by Mark Bonifacio
MEDICA once again delivered on being the largest global gathering of medical device OEM’s, distributors, suppliers and technologists, and I was glad to be there and take part in the action! Attendees represented every corner of the globe, with heavy attendance from China, other Far East nations, and North America.
The overall sentiment of attendees and exhibitors was relatively upbeat despite the many changes and uncertainties in both the Unites States healthcare policy landscape and the many global changes in how healthcare is being delivered, regulated and reimbursed. I believe the sooner the U.S. can decide on a clear long-term healthcare policy, the better for everyone. This uncertainty is hampering some investment and growth as larger public companies are delaying some strategic decisions.
A clear on-going theme is continued consolidation. Consolidation among United States OEM’s and Contract Manufacturers (CM’s) is not slowing down. Cross border deals with the European Union and Chinese buyers who want to gain a foothold in the U.S. is also continuing strongly. All signs indicate this should remain to be the case through 2018, barring any unforeseen events.
After steadily increasing their presence over the last several years, Chinese companies almost took over the entire “Commodity Disposables” Hall 7, with a seemingly endless supply of small CM’s and device manufacturers mostly building for national conception or Far East and Eastern EU markets.
Despite the market size, there is an over-capacity of local Chinese suppliers and an inevitable consolidation will occur at some point in the future. These companies are often operating at margins less than 50% of their global competitors. As many foreign governments do in the healthcare arena, the Chinese government is heavily promoting and encourages purchasing from locally-owned suppliers and using local content as much as possible. To support this, while I was attending the MEDICA show, Cardinal Health announced divestiture of most of their China distribution business.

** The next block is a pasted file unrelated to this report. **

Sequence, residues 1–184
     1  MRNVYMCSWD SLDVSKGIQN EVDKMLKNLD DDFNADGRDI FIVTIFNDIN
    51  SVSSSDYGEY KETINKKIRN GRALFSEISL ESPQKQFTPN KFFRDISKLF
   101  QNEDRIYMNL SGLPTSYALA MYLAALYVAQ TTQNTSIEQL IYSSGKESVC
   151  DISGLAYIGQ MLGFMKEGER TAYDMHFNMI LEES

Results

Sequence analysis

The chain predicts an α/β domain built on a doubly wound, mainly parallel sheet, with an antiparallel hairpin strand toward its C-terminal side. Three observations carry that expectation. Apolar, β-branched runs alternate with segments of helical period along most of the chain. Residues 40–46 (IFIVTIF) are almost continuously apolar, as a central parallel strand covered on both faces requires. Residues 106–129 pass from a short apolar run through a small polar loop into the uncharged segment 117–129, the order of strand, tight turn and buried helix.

The activity around miniaturization, connected/e-health (apps + sensors), patient data, and wearables continues to generate a lot of interest. MEDICA showcased many new startups and collaborations. Read more about what happened at the conference on this topic and watch a video summary here. It seems that the jury is still out on how the payors (insurance, government, etc.) operate in this new environment of patient data. It remains unclear how doctors and other practitioners fit into this new landscape of “big healthcare data.” The larger companies who can demonstrate scale and clear value of the data (i.e. how payors and hospitals can save money) will be the ultimate winners in this new frontier. Stay tuned.
Micro manufacturing techniques and specialties to support miniaturization were also on the rise at COMPAMED and MEDICA from molding, extrusion, machining, laser technologies, nano surface coatings and more. Expect these technologies to continue to grow and gain market share.
With a total of 123,500 professional visitors from 130 different countries, MEDICA 2017 definitely did not disappoint. You can view a full report of the event and watch archived day-by-day video coverage here.
Photo credit: http://medianet.messe-duesseldorf.de/press/medica/